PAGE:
Liner surface area (as contained in the frame) is 39x32cm = 1,248cm2

1,248cm2 x 0.3cm(thick) = 374.4ml (or ccs) = 375g

With the average cost of silicone at $0.05/g = $18.75

As you can see increasing the thickness will greatly
increase the price of the liner:

1,248cm2 x 0.5cm(thick) = 624ml (or ccs) = 624g silicone. = $31.20

1,248cm2 x 1cm(thick) = 1,248ml (or ccs) = 1,248g silicone. = $62.40


  • Long wooden battens or strips of cardboard or any other straight objects to make frames.
  • Stirring stick/spatula, plastic tub, and gloves.
  • RTV Silicone (I would suggest starting with about 1kg for cost
    effectiveness and for just enough volume without huge
    investment. If you plan to make many liners or if you have large
    liners, 5kg packages are the most economical and cost effective of
    the smaller packages, ranging from $200 to $250AUD)

Desirable properties (guide only):

Low to medium viscosity (45,000 cps or less) for
smooth pouring, medium cure time (min about 6 hours
to full cure and 30min pot life to allow working time,
real cure time is usually half of advertised cure time),
and Shore A hardness of 25 or greater the firmer the
silicone (Shore A of 35-50) the thinner the liner can be
while retaining the same strength and support (as long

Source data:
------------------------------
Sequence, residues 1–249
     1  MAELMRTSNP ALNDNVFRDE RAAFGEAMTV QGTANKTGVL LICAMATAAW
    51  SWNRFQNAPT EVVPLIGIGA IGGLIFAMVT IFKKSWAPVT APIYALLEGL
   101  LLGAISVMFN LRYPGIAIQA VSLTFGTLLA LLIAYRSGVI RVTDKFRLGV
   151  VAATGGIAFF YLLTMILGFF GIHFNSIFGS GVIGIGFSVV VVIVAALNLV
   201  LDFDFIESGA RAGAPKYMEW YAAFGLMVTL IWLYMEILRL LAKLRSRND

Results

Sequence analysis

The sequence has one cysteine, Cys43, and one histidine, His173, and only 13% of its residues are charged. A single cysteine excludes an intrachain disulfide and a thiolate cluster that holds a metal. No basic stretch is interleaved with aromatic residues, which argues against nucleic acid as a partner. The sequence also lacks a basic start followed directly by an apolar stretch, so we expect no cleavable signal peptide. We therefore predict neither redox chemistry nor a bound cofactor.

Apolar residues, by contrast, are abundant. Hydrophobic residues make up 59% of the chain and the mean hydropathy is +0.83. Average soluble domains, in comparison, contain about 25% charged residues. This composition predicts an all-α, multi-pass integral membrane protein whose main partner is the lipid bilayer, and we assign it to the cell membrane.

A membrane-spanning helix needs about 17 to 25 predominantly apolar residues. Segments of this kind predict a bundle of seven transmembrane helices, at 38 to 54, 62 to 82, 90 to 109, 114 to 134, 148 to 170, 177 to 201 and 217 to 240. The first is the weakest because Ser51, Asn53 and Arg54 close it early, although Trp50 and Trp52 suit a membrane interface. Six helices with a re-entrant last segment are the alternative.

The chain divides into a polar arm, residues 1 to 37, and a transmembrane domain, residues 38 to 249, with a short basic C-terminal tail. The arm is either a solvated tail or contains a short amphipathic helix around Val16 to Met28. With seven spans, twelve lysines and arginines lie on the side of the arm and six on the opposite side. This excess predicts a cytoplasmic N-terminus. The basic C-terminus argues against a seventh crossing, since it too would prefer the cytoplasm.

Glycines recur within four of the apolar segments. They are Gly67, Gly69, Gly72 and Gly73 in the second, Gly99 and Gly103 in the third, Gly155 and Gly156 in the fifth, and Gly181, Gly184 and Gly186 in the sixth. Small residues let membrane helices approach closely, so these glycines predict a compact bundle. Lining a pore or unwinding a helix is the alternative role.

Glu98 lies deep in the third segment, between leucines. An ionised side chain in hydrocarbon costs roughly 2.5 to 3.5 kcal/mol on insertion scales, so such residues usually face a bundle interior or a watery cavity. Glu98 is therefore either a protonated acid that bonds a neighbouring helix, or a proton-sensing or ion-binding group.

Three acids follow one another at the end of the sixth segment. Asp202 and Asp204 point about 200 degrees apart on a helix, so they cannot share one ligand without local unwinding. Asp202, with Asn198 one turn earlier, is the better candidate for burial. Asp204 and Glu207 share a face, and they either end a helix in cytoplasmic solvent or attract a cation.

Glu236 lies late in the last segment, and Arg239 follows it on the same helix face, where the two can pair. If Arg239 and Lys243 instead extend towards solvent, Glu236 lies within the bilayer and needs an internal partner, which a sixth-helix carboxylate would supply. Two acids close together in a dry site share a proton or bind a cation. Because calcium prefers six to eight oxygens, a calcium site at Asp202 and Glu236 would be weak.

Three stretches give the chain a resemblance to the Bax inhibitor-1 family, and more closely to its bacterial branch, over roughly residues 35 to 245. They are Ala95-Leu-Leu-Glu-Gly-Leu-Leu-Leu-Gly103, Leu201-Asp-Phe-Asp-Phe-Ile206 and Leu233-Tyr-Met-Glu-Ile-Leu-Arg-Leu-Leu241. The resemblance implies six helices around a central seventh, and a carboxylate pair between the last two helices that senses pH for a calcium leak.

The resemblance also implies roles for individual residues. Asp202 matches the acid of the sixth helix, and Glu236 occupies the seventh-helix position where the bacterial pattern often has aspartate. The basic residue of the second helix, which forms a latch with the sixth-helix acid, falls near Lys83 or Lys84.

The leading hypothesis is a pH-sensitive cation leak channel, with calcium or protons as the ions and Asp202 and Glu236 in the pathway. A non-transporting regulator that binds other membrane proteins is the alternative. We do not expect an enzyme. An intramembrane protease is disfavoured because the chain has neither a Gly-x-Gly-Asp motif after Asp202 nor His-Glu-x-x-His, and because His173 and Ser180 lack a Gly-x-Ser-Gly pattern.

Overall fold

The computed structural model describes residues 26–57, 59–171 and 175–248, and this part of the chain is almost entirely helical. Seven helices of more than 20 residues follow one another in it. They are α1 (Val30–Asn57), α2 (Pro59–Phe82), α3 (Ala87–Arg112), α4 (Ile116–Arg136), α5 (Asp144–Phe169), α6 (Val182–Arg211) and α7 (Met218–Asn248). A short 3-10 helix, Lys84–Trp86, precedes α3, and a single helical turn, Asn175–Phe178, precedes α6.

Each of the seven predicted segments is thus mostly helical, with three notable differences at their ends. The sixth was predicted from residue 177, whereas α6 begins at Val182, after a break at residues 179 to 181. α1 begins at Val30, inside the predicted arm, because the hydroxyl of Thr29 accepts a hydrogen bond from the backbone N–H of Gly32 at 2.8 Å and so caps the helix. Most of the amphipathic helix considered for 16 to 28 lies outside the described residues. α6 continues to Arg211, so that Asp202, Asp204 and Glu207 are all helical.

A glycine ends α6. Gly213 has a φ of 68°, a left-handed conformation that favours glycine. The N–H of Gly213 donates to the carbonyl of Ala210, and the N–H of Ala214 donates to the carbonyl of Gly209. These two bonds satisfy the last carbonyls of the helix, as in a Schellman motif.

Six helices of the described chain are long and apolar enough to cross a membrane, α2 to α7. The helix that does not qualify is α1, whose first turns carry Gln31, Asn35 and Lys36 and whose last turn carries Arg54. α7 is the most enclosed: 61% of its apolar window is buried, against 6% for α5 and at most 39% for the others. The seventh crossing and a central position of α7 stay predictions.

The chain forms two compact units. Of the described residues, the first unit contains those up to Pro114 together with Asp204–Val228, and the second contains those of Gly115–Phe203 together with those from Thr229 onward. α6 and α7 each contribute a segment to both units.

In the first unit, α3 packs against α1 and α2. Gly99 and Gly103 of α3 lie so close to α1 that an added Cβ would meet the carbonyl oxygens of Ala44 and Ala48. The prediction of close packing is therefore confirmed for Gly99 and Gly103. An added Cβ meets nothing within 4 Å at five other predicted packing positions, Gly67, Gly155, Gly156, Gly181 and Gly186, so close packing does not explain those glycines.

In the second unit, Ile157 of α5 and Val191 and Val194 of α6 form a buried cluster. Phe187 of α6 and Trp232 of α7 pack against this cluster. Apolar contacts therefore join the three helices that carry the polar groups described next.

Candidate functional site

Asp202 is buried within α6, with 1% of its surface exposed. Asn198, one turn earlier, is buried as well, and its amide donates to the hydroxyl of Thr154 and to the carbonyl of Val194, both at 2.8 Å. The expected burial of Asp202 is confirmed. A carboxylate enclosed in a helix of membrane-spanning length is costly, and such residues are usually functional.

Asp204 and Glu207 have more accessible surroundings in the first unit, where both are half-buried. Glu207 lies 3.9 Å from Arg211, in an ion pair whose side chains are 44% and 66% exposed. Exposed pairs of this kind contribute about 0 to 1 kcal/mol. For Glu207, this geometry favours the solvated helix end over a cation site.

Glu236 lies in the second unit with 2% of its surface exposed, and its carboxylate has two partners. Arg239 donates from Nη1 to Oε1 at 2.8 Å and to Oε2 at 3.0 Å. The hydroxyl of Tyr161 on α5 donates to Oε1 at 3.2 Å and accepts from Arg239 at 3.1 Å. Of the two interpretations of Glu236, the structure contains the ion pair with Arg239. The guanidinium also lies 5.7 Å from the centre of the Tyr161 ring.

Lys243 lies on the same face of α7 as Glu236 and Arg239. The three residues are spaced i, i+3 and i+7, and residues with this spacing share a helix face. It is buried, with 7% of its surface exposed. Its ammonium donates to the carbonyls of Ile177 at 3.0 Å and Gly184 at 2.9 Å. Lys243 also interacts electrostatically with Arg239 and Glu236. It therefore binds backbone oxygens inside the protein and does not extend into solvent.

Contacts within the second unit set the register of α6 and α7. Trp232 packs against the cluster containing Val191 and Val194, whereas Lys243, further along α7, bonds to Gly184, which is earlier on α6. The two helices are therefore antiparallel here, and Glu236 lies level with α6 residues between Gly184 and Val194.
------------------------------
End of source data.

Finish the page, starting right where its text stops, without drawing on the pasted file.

as the other qualities are still present).

Australian Resources and Suggestions:

Webmasters Note: there are many
similar products available in different countries, I currently reside in the
USA and upon searching for similar products available both online and in my
local area via Google, I did not find it hard to locate these products. If
you need help please visit our forum and pose any
question you may wish to ask]


Adelaide Molding and Casting


(made by Barnes Silicone)

Maximould, M4503, Ultrasil.

Barnes Silicone (


Use caution if you choose to use
Pinky Silicone, as this silicone must be molded in
about 6minutes, which may not be enough time to
pour/spread your liner, otherwise its the best silicone
so may be worth a try! Tufsil 25, Maximould, M4503,

Solid Solutions

Suggestions (Tin Catalyzed): Solid Mould 500,
Polytek TinSil 70-30.


Check your local Fiberglass and Mould Making
Supplies Store; many carry RTV silicone and the
Barnes range of products (their website lists
stores that supply their silicone). Just look up
“fiberglass” or “molding and casting” in the
yellow pages.


    • Layout the batons into the surface
      area rectangles required for
      your size liner, to contain/mould the silicone. Be sure to use a
      right angle tool or the corner of a sheet of paper to square your


    • Tape around the edges of your walls to
      prevent any silicone leaking out.
    • Ensure the surface you are pouring
      onto is clean. You can pour
      onto any surface, including cool textures (bubble wrap, sandpaper,
      needle point grid, ect.. beware of fabrics or carpet, silicone can
      soak in and be hard to get out!).